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Summary of summary of ruling

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As I was reading the opinion in the CA same-sex marriage case, I started taking notes for my own use, and it occurred to me that they might be useful to others as a summary, even though I am not (of course) a lawyer. So I'm presenting my notes here.

That said, it turns out that the first twelve pages of the opinion form what look to me like a complete summary of the more detailed discussion in the full opinion (which I haven't read yet), and those first twelve pages are readable and clear and worth reading. So if you have ten or twenty minutes to spare, go read the beginning of the opinion.

But I've written my mini-summary, so I'll post it anyway. In the following, "we" means the Supremes; my own editorial comments appear in [square brackets]. All bits in quotation marks are direct quotes from this opinion, not quotes from earlier cases.


pp. 1-4: Most other states' Supreme Courts that have had same-sex marriage cases have been resolving issues different from the CA issue. In most other states, the question has been whether same-sex couples can get the same rights as they'd get in a marriage. In CA, though, domestic partnership is already very similar to marriage, so the question here is whether it's unconstitutional to call the same-sex version something other than marriage. [My impression is that there are a few remaining important rights that aren't afforded to D.P.s, but I'm not certain of that, and in this opinion the Court consistently takes it as read that D.P.s are effectively marriage by a different name.]

pp. 4-5: We're not looking at the policy question of what should be legal; we're only looking at "whether the difference in the official names of the relationships violates the California Constitution." [emphasis in original]

pp. 5-6: Past cases establish the "right to marry" as a fundamental constitutional right in CA. Perez v. Sharp (1948), by stopping the ban on interracial marriage, implicitly established "that history alone is not invariably an appropriate guide for determining the meaning and scope" of that right.

p. 7: Past cases establish that the right "of two adults who share a loving relationship to join together to establish an officially recognized family [...] constitutes a vitally important attribute of the fundamental interest in liberty and personal autonomy" secured by the California Constitution.

p. 7: Given how important the "constitutional right to form a family relationship" is, we interpret the constitution as "guarantee[ing] this basic civil right to all Californians, whether gay or heterosexual, and to same-sex couples as well as to opposite-sex couples."

p. 7 footnote: We'll use "gay" to refer to both lesbians and gay men, and "gay couple" to refer to same-sex couples. [Nice of them to make this explicit, but fooey on them for ignoring bisexuals. On the other hand, in fact they later do use the term "same-sex marriage" extensively.]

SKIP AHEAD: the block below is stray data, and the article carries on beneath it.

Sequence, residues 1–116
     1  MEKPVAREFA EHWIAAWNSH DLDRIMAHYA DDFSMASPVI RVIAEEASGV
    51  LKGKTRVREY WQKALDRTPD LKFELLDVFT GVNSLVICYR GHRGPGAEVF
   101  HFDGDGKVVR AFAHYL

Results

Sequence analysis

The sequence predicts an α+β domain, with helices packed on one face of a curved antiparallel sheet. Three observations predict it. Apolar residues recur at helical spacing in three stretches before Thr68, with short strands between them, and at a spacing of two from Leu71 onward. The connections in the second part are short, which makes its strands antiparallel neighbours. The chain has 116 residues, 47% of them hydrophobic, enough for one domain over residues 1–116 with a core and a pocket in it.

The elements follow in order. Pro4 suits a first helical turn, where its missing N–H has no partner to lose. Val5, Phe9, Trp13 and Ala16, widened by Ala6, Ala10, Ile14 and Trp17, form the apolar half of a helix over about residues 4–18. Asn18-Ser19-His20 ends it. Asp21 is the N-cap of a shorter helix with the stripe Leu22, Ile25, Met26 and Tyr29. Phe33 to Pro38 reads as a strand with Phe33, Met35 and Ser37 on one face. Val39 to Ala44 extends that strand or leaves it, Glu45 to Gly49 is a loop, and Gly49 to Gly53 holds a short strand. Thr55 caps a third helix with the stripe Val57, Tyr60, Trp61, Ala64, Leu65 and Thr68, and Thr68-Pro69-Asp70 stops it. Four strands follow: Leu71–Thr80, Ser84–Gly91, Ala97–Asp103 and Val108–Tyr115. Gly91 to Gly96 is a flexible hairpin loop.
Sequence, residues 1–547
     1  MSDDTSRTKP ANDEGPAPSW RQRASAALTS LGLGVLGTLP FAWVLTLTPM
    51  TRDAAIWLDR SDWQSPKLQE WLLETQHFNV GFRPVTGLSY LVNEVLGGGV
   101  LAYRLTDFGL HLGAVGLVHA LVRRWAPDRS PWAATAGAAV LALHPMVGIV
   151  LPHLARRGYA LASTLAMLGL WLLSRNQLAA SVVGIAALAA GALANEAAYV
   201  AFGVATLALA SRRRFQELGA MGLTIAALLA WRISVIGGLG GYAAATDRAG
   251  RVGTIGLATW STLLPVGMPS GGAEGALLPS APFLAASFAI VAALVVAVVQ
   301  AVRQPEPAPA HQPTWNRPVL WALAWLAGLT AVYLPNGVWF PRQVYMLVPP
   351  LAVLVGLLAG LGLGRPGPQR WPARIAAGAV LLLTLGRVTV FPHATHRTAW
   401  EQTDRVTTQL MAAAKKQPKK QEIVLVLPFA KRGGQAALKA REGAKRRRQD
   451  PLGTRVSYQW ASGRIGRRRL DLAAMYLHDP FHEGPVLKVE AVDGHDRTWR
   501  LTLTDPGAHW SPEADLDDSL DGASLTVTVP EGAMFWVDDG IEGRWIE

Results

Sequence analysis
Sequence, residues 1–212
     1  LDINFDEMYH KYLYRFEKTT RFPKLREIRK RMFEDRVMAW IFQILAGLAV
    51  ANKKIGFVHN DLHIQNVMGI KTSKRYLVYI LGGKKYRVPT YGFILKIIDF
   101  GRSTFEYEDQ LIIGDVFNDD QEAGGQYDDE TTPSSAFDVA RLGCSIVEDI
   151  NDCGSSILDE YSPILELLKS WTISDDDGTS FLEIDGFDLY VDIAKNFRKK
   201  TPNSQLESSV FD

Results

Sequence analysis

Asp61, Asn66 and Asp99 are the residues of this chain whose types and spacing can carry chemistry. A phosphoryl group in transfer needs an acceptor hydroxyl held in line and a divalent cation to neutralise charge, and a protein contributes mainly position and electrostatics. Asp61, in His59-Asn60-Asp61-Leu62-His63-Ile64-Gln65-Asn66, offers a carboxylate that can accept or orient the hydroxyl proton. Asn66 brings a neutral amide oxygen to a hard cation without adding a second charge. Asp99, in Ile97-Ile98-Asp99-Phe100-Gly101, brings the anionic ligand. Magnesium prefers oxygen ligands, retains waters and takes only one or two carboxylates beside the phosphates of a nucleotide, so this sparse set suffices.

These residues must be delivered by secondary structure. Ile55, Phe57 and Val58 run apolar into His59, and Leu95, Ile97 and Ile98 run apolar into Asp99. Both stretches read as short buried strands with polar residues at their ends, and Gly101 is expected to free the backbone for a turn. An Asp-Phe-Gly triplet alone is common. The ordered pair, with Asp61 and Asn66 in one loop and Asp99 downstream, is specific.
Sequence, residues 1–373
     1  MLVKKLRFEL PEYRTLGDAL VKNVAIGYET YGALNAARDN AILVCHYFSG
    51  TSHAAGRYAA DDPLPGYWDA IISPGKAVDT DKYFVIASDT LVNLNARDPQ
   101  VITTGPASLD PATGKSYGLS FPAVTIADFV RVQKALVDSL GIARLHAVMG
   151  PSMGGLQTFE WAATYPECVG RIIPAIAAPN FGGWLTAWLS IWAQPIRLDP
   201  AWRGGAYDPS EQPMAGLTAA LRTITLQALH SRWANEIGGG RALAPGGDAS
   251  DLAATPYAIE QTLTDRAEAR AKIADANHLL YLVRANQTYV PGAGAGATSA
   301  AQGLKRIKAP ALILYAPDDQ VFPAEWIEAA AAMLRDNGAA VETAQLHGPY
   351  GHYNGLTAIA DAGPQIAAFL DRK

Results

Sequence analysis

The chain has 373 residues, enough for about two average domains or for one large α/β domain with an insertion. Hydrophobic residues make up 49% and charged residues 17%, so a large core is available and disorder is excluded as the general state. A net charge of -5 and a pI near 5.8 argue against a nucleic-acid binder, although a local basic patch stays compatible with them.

pp. 7-8: The Attorney General, arguing in defense of the existing law, says that even though the rights are the same, the term used doesn't have to be. By the way, we don't have to decide here whether it would be okay to use a term other than marriage for all civil marriages; we just have to decide whether it's okay to use two different terms with two different groups.

pp. 9-10: Even though the rights afforded by marriage and D.P. are basically the same, "current California statutes nonetheless must be viewed as potentially impinging upon a same-sex couple’s constitutional right to marry under the California Constitution." Also, the different names raise equal-protection concerns. Furthermore, the "strict scrutiny" standard for equal-protection concerns applies here, because we conclude that sexual orientation is "a constitutionally suspect basis upon which to impose differential treatment." [In other words, sexual orientation is specially protected (wrt discrimination) in the same way that gender and race and religion are. Cool!!]

pp. 9-10 footnote: We'll use the term "plaintiffs" to refer collectively to the people challenging the statute. When we refer to the defenders of the statutes collectively, we'll call them "defendants."

pp. 10-11: Under the "strict scrutiny" standard, the state has to establish that it has a compelling interest in the different treatment, and that the different treatment is necessary to serve that interest. We conclude that "the interest in retaining the traditional and well-established definition of marriage [...] cannot properly be viewed as a compelling state interest for purposes of the equal protection clause, or as necessary to serve such an interest." [emphasis in original]

pp. 11-12: We reach that conclusion for various reasons. First, "permitting same-sex couples access to the designation of marriage will not deprive opposite-sex couples of any rights." Second, there's real harm to same-sex couples "because denying such couples access to the familiar and highly favored designation of marriage is likely to cast doubt on whether the official family relationship of same-sex couples enjoys dignity equal to that of opposite-sex couples." Third, gays have been disparaged in the past, which makes it more likely that the exclusion will be seen as an official statement of lesser status. Finally, the separate terms may perpetuate the idea that gays are second-class citizens.

p. 12: "Accordingly, we conclude that to the extent the current California statutory provisions limit marriage to opposite-sex couples, these statutes are unconstitutional."